"Recognizing ourselves in the national "us" interpellated here, we participate in the work of ideology by adopting the antiunion subject position proposed for us."


Copyright 1999 Burrelle's Information Services


View Related Topics


November 30, 1999, Tuesday

TYPE: Newscast

LENGTH: 398 words






The WTO defenders, and there are many, say the organization has cut tariffs on world trade, meaning greater economic growth and tens of millions of jobs

for workers around the world.

And it is true that some of those people in the streets of Seattle are determined to get attention by any means.

But there are others truly disenchanted with the way things are going and with something significant to say. ABC's Deborah Wang has spent the day with some of them.


Unidentified Woman #1: We're here for all the people of the world.

DEBORAH WANG reporting:

They began gathering before dawn, thousands of protesters for the thousand different stories undeterred by the rain. A children's advocate who once ran for congress.

Unidentified Woman #2: This year's world treaty is the most important issue facing our children and ourselves at this time.

WANG: A high school student who says he learned in class the WTO hurts the environment.

Unidentified Student: It's terrible what they've done, and I'm out here to protest that.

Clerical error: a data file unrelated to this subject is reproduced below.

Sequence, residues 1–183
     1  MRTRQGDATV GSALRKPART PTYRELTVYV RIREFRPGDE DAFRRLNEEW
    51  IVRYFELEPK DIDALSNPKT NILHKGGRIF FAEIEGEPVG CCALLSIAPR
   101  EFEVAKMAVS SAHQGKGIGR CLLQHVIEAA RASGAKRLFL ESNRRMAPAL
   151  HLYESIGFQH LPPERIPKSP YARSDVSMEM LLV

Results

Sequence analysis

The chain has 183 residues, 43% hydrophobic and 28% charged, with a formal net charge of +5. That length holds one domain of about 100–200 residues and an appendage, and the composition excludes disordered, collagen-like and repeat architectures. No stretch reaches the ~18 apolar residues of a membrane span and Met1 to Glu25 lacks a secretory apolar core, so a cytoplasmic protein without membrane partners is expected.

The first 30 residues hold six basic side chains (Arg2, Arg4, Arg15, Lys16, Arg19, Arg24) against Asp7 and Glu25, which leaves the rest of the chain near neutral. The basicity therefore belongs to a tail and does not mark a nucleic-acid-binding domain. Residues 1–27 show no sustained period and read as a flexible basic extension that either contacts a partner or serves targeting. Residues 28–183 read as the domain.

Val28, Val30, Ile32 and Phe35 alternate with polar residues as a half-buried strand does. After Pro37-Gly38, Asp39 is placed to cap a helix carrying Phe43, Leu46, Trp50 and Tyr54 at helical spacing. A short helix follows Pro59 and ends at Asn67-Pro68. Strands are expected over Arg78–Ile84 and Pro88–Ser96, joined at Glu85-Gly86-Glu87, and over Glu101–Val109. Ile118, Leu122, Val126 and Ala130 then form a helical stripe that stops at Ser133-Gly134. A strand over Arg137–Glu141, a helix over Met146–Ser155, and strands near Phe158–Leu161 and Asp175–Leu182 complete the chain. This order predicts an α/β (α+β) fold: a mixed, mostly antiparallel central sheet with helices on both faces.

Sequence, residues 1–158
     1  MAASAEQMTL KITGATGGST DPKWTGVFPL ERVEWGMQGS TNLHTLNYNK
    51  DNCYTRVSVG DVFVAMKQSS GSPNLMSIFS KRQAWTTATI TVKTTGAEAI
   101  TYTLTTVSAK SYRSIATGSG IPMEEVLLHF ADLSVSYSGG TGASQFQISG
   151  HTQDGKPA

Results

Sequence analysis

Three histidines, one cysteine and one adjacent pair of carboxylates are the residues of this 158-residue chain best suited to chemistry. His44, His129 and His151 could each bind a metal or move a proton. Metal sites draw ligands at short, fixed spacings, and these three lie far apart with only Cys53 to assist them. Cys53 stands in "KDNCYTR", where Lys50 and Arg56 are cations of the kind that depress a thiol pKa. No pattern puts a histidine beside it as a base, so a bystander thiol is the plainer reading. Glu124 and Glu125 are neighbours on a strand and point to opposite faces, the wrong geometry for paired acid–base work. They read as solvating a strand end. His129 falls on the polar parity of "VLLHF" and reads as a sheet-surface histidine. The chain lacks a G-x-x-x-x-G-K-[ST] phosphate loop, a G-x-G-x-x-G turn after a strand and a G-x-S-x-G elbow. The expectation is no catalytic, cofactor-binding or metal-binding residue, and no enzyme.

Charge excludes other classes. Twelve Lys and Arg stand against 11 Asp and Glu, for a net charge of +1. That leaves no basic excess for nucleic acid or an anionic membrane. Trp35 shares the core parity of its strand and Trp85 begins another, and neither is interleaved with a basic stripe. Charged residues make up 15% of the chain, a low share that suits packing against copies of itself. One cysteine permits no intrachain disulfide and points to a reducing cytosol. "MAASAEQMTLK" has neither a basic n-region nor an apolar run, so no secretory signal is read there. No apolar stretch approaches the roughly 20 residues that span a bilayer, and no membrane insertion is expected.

WANG: And a university professor who has seen it all before.

Unidentified Female Professor: Some of us who were there in the 60s and were working for peace and justice are back here. We've been there all the time.

WANG: And they are fighting for essentially the same issues they campaigned for in the '60s. Corporations, which they say are still exploiting workers in the Third World. Agribusiness is still putting small farmers out of work. Mining companies, still displacing peasants from the land.

Unidentified Woman #3: There is a general dissatisfaction here with corporate culture, absolutely. And we're not going to have that slammed down

our throats.


WANG: But what is different is that, for these protesters, this single organization, the WTO, has come to symbolize about all that is wrong in the

modern world.

So, in this global economy where bigger is better and only the fittest survive, these people complain they have less and less control over their jobs and the laws which protect their communities.

Woman #2: If our kids, when they become adults, cannot even create the quality of life that is the American dream, what do we have left? Nothing

else matters.


WANG: And they will stay here making their opinions known for the rest of

the week.

Deborah Wang, ABC News, Seattle.


LOAD-DATE: December 1, 1999

Copyright© 2000, LEXIS-NEXIS, a division of Reed Elsevier Inc. All Rights Reserved.


Hegemony: "In hegemonic theory, ideology is constantly up against forces of resistance, Consequently it is engaged in a constant struggle not just to extend its power but to hold on to the territory it has already colonized."

Three Levels of Reading

Dominant/Negotiated/Oppositional reading

Polysemy and Multiaccentuality

Polysemy (heteroglossia/multiaccentuality)


7. Discourse: "A discourse is a socially produced way of talking or thinking about a topic. It is defined by reference to the area of social experience that it makes sense of, to the social location from which that sense is made, and to the linguistic or signifying system by which that sense is both made and circulated."